Ahead in the race

1. The know-how- Crawling the web, as mundane as it may sound, is a fairly complex task. No one is to be blamed for overlooking the complexity as these things surface only after you've tried it yourself and delved into the nitty-gritty. The design decisions you take sit at the core of what you build and eventually monetize. And the long-term effects of such architectural choices are as pleasing if you've done it right as disturbing they might turn out if you're not far-sighted.

Tuesday, June 10, 2014

Big Data for Mass Media

House of Cards by Netflix exploded on TV when it aired. Big data helped it gather the audience – and the ratings! – they wanted. Hollywood’s doing it now, as are major networks and media corporations across the world. The question naturally is: how is big data relevant to media & entertainment business?

No more are massive content consumers anonymous. It is possible to know who they are, what they do, what they like, how they spend, and what they spend on. More importantly, how much they spend.

Media Influence

How do we know all this?

Big data tells us almost everything. It changes the way you listen to your audience,

Thursday, April 24, 2014

Structured Data Formats- What to use When

Days of unstructured raw data are blurry as most data-driven companies turn their eyes on to structured data which can be easily imported into their internal systems, read by their machines, and analyzed by their teams to keep cutting the edges. But while you have stepped on to the task of data acquisition via crawling or various such methods, how do you define the structure that's most appropriate for your requirements?

Most of the times we find our clients unable to take a decision on which output format to select post crawl and extraction. Here's our bit to help weigh your options.

1. XML - By far, the most robust structure that you can opt for. Does not break with unwanted special characters in the data and can be as nested as you like. However, if your internal systems are not designed for large-scale, it might end up being a bloat with huge file sizes to handle.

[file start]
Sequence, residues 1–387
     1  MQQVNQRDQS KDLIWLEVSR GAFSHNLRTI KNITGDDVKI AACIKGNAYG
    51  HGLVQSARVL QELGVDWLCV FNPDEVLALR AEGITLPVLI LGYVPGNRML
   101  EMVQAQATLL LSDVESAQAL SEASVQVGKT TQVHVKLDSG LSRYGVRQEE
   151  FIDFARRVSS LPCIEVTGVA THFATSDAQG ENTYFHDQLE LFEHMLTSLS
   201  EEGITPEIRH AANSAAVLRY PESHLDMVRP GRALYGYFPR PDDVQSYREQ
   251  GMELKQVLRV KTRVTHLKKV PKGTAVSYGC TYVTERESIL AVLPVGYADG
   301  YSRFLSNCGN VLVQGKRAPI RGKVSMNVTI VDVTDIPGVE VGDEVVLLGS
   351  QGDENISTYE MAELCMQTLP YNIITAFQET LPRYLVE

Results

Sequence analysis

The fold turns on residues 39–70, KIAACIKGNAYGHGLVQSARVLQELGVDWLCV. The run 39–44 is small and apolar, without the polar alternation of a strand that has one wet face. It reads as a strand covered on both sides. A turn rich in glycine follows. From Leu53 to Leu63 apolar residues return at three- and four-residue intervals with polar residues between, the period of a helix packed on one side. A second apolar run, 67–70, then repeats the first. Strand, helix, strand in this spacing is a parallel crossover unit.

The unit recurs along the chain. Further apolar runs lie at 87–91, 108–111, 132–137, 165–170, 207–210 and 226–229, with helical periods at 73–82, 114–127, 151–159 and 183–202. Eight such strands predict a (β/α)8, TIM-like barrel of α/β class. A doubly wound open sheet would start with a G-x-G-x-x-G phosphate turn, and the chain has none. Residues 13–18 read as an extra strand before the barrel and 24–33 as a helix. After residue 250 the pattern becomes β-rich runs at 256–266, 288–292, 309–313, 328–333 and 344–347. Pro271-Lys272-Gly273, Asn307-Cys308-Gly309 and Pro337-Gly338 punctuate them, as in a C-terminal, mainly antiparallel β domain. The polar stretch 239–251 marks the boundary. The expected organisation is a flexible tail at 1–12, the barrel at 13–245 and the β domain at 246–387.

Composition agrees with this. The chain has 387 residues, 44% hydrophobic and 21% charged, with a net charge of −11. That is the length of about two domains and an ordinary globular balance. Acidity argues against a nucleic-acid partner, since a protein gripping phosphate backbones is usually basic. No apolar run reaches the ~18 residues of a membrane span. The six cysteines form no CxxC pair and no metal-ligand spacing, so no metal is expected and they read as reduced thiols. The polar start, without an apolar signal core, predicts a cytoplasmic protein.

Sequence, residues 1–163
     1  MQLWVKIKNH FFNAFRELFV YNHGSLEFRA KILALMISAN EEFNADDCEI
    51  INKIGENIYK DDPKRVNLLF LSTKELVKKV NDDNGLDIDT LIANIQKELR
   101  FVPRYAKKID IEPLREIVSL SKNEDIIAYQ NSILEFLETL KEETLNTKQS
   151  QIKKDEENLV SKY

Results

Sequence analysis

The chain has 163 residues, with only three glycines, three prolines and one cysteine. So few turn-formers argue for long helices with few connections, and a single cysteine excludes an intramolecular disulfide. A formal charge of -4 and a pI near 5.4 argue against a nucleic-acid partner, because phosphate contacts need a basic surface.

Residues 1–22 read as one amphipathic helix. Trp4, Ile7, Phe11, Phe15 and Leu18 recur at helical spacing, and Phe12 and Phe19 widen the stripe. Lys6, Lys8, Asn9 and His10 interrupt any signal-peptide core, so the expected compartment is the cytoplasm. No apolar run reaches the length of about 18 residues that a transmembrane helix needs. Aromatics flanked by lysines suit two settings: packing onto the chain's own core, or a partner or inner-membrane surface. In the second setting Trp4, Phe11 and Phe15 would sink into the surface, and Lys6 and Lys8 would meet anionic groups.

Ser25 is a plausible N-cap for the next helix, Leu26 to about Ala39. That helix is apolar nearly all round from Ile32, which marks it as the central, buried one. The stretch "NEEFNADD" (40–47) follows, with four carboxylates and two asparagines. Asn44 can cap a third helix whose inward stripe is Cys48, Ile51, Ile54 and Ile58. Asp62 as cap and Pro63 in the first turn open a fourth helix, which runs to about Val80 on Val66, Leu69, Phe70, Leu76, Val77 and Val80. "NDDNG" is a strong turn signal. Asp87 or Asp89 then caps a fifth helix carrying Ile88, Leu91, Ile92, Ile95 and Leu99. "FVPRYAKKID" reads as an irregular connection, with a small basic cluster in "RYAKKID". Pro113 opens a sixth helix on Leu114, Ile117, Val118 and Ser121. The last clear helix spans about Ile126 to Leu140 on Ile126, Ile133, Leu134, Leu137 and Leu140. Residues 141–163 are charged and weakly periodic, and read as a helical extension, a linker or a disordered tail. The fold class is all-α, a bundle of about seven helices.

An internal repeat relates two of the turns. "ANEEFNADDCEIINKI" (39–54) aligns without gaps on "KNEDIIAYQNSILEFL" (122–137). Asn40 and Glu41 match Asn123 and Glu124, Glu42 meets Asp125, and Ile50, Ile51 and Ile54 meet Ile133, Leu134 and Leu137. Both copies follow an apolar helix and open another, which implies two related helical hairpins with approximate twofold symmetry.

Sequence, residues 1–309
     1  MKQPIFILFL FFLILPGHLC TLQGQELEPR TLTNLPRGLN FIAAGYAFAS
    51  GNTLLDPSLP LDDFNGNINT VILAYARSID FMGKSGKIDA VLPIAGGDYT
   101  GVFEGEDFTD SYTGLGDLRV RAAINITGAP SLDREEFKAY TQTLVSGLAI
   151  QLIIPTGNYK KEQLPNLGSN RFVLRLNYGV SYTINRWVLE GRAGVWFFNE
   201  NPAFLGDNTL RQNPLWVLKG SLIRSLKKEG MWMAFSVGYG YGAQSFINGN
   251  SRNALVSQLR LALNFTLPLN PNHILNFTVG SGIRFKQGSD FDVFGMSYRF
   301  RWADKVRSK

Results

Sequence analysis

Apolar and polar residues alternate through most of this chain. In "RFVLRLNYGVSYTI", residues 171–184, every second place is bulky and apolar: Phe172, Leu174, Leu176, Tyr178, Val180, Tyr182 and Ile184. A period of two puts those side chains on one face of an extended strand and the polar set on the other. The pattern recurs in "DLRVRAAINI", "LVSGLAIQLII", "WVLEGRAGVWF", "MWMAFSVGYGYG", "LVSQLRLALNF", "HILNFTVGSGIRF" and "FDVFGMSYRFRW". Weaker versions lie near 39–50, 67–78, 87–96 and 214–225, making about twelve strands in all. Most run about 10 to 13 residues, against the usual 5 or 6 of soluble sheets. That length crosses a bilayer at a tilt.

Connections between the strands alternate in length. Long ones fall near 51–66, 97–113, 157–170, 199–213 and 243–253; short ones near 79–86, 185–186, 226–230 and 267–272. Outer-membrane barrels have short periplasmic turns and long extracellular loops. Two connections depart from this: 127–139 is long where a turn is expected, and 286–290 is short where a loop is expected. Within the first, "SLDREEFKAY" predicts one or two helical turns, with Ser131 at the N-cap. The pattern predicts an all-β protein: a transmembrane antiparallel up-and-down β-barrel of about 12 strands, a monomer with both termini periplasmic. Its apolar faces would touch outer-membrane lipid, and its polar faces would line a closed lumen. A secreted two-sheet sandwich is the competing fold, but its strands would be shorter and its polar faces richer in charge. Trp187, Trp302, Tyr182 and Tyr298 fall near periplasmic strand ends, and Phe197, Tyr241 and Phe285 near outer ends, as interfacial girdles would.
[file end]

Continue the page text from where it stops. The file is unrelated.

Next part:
Summary- trade-off the bloat for robustness of XML and its flexibility of schema.

Follows an illustration of an XML record-

Monday, March 24, 2014

Outsourcing Web Crawls- SLAs to visit

If you deal with data on the web, more often than not would you have made a choice to employ an external entity for your data acquisition needs.

Here are the SLAs you'd need to consider when having a DaaS provider do the crawls for you-

1. Crawlability- If you're into the crawling business, this is the primary attribute to be assured of. Irrespective of the technical variety of the websites, crawls should run smoothly. The crawlers need to be adept with the roadblocks and their corresponding workarounds. Here's a post discussing these roadblocks and this one digging into AJAX pages.

2. Scalability- While crawling as a process might seem overrated when doing this for a few web pages or even to a couple of sites at max, the problem changes by an order of magnitude when this needs to be done at scale. Managing multiple clusters, distributing crawls across them, monitoring the same, collating results from these crawls and then grouping them is where the devils of crawling lie. Make sure your provider is agnostic to the scale you anticipate (look for cues like thousands of sites or millions of pages). Even if your current need is a low-scale arrangement, it's better to go with a solution that's scalable so that you have a reasonably though-out solution at your disposal with all nuts and bolts in place.